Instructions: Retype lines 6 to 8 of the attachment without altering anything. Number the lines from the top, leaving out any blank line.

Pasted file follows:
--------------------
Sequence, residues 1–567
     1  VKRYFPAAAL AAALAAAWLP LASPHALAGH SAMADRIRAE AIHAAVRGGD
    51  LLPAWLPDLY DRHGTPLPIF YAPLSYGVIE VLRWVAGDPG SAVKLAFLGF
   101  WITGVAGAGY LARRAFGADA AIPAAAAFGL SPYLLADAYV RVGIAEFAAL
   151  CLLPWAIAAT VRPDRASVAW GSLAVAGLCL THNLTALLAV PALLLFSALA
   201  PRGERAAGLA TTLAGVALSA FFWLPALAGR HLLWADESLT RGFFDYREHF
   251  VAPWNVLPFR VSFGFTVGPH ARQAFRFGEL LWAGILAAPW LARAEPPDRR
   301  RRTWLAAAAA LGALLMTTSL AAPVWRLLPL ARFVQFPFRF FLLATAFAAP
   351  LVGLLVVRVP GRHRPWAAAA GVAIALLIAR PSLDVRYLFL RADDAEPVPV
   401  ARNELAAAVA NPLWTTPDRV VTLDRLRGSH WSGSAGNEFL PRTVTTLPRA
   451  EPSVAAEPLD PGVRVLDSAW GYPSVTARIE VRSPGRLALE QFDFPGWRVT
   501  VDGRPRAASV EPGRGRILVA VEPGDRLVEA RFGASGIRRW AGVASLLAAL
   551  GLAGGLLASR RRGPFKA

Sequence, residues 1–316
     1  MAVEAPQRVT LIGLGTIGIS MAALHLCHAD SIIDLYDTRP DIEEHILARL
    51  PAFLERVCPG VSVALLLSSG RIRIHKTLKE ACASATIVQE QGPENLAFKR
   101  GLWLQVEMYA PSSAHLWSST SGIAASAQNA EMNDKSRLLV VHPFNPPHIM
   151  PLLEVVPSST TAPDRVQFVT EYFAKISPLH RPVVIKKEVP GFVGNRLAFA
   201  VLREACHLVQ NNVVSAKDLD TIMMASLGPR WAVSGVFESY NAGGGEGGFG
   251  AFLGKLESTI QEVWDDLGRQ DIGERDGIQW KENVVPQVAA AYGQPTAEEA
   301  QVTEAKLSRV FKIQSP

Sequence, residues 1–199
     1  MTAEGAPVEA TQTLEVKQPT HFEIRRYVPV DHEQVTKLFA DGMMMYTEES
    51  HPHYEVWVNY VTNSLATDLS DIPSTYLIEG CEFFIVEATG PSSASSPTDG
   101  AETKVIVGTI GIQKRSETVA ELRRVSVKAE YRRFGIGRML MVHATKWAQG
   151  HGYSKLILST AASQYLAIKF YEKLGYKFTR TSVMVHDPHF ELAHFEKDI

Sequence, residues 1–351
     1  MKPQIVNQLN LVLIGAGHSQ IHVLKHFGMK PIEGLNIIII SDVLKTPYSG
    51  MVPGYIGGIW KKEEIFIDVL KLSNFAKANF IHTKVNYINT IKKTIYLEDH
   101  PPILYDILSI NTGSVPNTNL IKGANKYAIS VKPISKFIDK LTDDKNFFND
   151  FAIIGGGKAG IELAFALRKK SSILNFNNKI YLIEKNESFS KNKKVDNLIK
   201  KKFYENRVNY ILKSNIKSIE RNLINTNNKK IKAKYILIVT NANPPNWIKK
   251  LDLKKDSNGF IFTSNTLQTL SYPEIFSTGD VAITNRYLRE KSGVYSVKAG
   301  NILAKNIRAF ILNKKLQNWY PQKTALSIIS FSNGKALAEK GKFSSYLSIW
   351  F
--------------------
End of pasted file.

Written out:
   201  PRGERAAGLA TTLAGVALSA FFWLPALAGR HLLWADESLT RGFFDYREHF
   251  VAPWNVLPFR VSFGFTVGPH ARQAFRFGEL LWAGILAAPW LARAEPPDRR
   301  RRTWLAAAAA LGALLMTTSL AAPVWRLLPL ARFVQFPFRF FLLATAFAAP